NOUMEA: The French Pacific islands of New Caledonia began voting Sunday on whether to become an independent nation, in a closely-watched test of support for France in one of its many territories scattered around the globe.
Some 18,000 kilometers (11,000 miles) from the French mainland, New Caledonia is home to a quarter of the world’s known supplies of nickel — a vital electronics component — and is a strategic foothold for France in the Pacific.
Voting in New Caledonia’s 284 polling stations opened at 8.00 am local time Sunday (2100 GMT Saturday) and was to end at 6.00 pm, with results expected the same evening.
The participation rate was 41.8 percent at midday, compared to 27.3 percent at the same time during local elections in 2014, the High Commission said Sunday.
Some 175,000 people are eligible to vote in the remote islands fringed by spectacular beaches, with opinion polls predicting a large majority in favor of staying French.
But there are fears the referendum could inflame tensions between indigenous Kanak people, who tend to favor independence, and the white population, which boiled over into deadly violence in the 1980s.
The quasi-civil war claimed more than 70 lives. It led to the 1998 Noumea Accord which paved the way for the steady devolution of powers as well as Sunday’s referendum.
Separatists have urged Kanak voters to choose self-determination for Kanaky, their name for New Caledonia, and throw off the shackles of “colonial” authorities in Paris.
“It’s a great day for us. My father, my grandfather fought for this country and today is the second fight in the ballot box,” said pro-independence supporter Patrick Watrone on Sunday, dressed in the colors of Kanak flag.
But indigenous people make up less than 50 percent of the electorate and some Kanaks back staying part of France, not least due to the 1.3 billion euros ($1.5 billion) the French state hands to the islands every year.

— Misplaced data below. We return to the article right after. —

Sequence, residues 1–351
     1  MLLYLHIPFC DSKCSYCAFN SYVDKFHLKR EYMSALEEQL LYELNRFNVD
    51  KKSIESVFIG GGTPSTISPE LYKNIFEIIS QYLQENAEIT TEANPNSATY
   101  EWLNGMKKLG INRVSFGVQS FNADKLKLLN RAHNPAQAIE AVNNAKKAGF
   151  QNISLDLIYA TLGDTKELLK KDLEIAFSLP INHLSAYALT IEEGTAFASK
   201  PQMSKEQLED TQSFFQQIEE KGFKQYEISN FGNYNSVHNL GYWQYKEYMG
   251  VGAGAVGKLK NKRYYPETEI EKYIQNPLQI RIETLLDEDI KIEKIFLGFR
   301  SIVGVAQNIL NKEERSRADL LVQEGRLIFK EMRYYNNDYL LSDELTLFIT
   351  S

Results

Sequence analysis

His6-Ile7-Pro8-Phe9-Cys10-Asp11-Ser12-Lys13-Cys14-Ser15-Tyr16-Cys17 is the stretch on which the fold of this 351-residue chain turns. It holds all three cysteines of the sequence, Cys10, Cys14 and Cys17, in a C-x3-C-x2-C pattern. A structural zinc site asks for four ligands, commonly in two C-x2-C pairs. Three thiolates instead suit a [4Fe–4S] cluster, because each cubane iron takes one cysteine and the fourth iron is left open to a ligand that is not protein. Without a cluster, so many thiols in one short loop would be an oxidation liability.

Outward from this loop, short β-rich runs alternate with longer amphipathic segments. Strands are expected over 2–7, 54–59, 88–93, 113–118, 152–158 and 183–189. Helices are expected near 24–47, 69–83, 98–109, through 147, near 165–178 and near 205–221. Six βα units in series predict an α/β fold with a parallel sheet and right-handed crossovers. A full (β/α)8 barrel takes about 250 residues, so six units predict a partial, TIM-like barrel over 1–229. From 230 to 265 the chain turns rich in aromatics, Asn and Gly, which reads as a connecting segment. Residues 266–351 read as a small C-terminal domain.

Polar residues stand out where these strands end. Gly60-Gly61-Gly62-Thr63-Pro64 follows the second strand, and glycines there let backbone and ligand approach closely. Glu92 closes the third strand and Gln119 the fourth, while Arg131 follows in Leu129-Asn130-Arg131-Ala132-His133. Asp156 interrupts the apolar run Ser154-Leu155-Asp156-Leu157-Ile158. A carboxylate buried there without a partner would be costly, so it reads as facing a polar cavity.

Going it alone, “I’m not sure we have all the assets we’d need to succeed,” said Marc Gnipate, a 62-year-old pensioner.
Polls suggest 63 to 75 percent of voters will opt against breaking away from France, which claimed the islands in 1853 and once used them as a penal colony.
Under the 1998 deal, in the event of a “no” vote two further referendums on independence can still be held before 2022.
French President Emmanuel Macron, who is due to give a televised address after the results, has largely stayed clear of the campaign but during a visit to Noumea in May he declared “France would be less beautiful without New Caledonia.”
He also raised concerns over increasing Chinese influence in the Pacific, where Beijing has invested heavily in Vanuatu, a territory which broke from France and Britain in 1980.
Accusing the US of “turning its back on the region in recent months,” Macron said China was “building its hegemony step by step” in the Pacific — suggesting an independent New Caledonia could provide Beijing’s next foothold.
Australia has also expressed concerns about China’s activities in neighboring island states — which the Lowy Institute think-tank estimates received $1.78 billion in aid from Beijing from 2006-16 — boosting its own spending in response.
While Australia officially remains neutral on New Caledonia’s independence vote, Canberra’s former consul-general in Noumea Denise Fisher said it appreciated the stability France’s Pacific presence offered in the face of China’s rise.
“It’s been fortunate for Australia to have a well-resourced Western ally such as France engaged in the region, particularly at a time when there’s a lot of geo-strategic change and new players like China coming into the region,” she told the ABC.
“There are a few uncertainties arising now.”
Home to 269,000 people, New Caledonia is one of a handful of French island outposts — a legacy of the country’s 19th-century empire — which retain strategic importance.
The referendum will be a test of the appeal of remaining part of France for such far-flung territories, which are heavily dependent on state handouts but where many feel overlooked by Paris.
Both French Guiana in South America and the Indian Ocean archipelago of Mayotte have been rocked since last year by major protests over living standards and perceived neglect.
In New Caledonia, there are fears that the vote could expose tensions over stark inequalities which persist despite government efforts to redress the economic balance in favor of Kanaks.
The Kanak community is plagued by high school dropout rates, chronic unemployment and poor housing conditions.
Gangs of delinquent youths have become increasingly common on the streets and both sides fear violence among them if the “no” vote prevails.